Across the divide
My smile is fixed on my face, but my heart sinks. I've just been approached by a young science teacher eager to "do something cross- curricular" with the history department, writes Steve Mastin.
I would love pupils studying the Renaissance to have more exposure to the music of the period - could the music department help? Or perhaps the art department could advise my Year 11s (S4s), studying the Spanish Civil War on the story behind Picasso's Guernica. Renaissance art emphasised the true human form and experimented with perspective. Could the art teacher also give guidance on which paintings would best complement historical study of this period of change?
We look at some of the great discoveries and inventions of the Industrial Revolution in Year 8 (S1), but we history teachers are not experts on "how". The science department could advise us on ways of adapting a lesson to reveal the science behind the invention. How, for example, does a steam engine work?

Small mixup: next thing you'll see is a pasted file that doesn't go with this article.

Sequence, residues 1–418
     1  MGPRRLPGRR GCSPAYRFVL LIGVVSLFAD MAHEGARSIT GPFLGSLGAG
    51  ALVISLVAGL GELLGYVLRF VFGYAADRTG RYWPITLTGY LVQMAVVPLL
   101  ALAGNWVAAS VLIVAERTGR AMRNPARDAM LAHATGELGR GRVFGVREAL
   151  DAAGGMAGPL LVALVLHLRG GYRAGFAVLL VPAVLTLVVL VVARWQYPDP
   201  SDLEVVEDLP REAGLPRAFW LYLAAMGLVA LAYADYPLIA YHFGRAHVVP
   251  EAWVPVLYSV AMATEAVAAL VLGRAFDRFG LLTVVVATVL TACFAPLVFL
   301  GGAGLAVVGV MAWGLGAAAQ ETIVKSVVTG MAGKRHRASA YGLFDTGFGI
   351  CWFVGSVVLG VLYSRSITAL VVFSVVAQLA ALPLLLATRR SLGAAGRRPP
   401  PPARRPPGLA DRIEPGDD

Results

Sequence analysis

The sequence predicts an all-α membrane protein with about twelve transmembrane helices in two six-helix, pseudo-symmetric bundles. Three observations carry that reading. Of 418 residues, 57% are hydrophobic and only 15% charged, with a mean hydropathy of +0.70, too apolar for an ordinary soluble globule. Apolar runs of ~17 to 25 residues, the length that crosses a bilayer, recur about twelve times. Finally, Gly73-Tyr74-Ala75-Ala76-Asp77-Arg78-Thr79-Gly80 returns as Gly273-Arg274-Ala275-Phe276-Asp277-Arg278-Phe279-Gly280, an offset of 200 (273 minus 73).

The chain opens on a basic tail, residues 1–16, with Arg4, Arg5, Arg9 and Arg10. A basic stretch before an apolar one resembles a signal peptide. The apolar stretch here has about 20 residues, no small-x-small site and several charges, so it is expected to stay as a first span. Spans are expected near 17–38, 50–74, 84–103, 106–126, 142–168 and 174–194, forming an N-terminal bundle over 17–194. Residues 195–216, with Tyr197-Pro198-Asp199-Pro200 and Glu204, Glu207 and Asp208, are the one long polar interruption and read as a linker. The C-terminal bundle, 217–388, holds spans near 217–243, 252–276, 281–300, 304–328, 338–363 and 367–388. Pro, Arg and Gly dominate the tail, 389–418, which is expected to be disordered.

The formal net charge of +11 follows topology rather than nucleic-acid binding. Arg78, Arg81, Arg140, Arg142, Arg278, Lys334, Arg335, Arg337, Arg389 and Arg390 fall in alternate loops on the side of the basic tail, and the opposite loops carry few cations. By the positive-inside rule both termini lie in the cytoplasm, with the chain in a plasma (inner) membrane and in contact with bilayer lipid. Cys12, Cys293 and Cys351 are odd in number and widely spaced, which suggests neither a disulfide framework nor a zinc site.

With the 2012 Olympics around the corner, it could also be a good time to join forces with your PE colleagues. History could look at some of the ancient events of the Greek Olympics, and PE could experiment with some of them, comparing them with today's events.
With a little thought, cross-curricular teaching can be beneficial - as long as the history is rigorous and not bolted on to tick a box.
Find out more
Turn pupils into time travellers with an interactive Industrial Revolution resource from NGfL Cymru.
Reminisce about Renaissance wonders with Gemma Lindsay's Taboo cards or discover the period's great artists in Birdy78's visual presentation.